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Bill's Smoothies

Fruit Smoothie

by William Harris, M.D, VSH founding board member
****************

In which Thomas Edison stands in for your molars.



1 small can (6 oz) frozen orange juice 1 tsp flaxseed oil or 3 tbsp flax seed**
1 bag (8 oz) frozen unsweetened strawberries 1 tsp Red Star T6635+ Nutritional Yeast***
2 tsp raw hulled sunflower seeds 1 raw carrot
2 tbsp raw unhulled sesame seeds*

Optional and not included in analysis:
2 Tbsp Naturade Soy Free Protein Booster
1 Nature's Life Mega-Vita-Min tablet
1 Country Life Maxi-Cal Calcium tablet
1 Country Life 500 mg Rutin**** tablet
1 Kal 50 mg zinc tablet

Place the O.J. concentrate in your industrial strength blender (a Vita-Mix or a concrete mixer will also do), add 2 cups water and begin to blend. Add remaining ingredients and continue 5-10 minutes until mixture is creamy and as smooth as a milkshake. It's a handy lunch in a thermos for those on the go and I must admit it's my standard breakfast in spite of its high fat content. The analysis table below shows it to be more nutritious than a milkshake, although it is high in fat due to the sunflower and sesame seeds which contain natural poly- and mono-unsaturated plant fat. Those concerned with weight loss should approach this one cautiously.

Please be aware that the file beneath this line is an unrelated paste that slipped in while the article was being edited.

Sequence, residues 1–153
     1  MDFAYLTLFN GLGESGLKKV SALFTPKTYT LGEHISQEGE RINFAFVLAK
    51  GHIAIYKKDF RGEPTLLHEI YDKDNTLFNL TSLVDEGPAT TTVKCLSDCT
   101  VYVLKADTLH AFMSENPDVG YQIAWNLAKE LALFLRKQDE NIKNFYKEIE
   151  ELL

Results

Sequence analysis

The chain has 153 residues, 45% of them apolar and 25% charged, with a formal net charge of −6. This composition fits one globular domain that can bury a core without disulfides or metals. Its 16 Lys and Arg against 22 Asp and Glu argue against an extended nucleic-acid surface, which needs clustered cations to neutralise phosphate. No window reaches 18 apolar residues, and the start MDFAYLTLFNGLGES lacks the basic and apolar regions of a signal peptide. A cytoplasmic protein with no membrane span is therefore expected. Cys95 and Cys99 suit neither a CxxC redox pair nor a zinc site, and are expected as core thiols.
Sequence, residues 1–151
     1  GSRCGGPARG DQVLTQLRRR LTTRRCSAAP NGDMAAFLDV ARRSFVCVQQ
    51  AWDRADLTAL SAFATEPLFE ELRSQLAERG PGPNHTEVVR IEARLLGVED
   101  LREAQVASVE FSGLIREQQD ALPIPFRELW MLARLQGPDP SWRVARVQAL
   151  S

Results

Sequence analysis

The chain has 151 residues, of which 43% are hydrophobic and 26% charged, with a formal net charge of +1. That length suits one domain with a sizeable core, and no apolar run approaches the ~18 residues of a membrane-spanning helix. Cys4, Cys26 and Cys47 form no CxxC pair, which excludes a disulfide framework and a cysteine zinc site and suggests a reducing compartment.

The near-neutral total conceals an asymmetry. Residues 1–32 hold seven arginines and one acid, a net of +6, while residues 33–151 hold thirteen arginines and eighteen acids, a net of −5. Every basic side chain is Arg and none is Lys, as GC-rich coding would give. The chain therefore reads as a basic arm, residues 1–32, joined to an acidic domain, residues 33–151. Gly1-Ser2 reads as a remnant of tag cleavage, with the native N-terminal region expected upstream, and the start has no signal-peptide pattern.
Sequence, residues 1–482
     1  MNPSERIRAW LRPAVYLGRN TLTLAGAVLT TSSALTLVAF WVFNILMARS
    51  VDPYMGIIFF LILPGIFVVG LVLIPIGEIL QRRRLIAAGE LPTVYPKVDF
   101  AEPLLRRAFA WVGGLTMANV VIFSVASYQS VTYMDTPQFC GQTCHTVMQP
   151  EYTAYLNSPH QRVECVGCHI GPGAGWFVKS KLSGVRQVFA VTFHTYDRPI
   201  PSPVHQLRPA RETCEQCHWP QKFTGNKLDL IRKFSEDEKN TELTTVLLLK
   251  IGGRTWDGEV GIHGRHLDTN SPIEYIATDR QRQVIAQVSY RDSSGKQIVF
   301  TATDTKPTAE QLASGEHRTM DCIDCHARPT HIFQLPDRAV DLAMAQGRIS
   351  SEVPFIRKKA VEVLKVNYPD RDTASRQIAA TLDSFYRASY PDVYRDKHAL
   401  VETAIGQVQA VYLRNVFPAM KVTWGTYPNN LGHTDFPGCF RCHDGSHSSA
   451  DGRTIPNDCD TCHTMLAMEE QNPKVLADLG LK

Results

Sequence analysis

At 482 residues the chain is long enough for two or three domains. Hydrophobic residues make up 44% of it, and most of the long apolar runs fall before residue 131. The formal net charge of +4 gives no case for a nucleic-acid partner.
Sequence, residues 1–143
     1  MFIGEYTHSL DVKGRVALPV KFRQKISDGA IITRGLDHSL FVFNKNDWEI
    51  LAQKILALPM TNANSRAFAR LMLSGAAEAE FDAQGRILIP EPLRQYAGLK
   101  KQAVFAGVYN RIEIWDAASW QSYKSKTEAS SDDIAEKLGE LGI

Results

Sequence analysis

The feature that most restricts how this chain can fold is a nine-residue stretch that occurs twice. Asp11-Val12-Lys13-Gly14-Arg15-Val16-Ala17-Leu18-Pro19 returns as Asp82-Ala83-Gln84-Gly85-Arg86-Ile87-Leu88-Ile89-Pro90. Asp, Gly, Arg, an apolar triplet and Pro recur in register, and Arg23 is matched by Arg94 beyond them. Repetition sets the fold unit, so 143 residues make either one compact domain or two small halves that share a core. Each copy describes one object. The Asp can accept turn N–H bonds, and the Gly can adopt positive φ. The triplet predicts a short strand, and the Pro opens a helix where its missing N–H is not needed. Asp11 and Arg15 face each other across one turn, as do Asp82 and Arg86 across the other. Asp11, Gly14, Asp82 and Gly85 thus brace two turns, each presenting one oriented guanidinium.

NUTRIENT ANALYSIS

Recommended Daily Allowance Smoothie Milkshake (for comparison only)
% of Calories from:
Carbohydrate 60%-80% 45% 70%
Fat 10%-20% 45% 20%
Protein 10%-20% 10% 10%
Satiety Index (Wt/Cal >1 .63 .84
%RDA/Calorie
-linolenic acid** (gm) ~2.4 163% 320%
Calcium (Mg) 800 214% 306%
Cholesterol (mg) <300 0 |198|
Fiber (gm) 22 184% 21%
Folate (ug) 400 720% 51%
Iron (mg) 18 202% 38%
Magnesium (mg) 350 310% 106%
Potassium (mg) 2000 276% 207%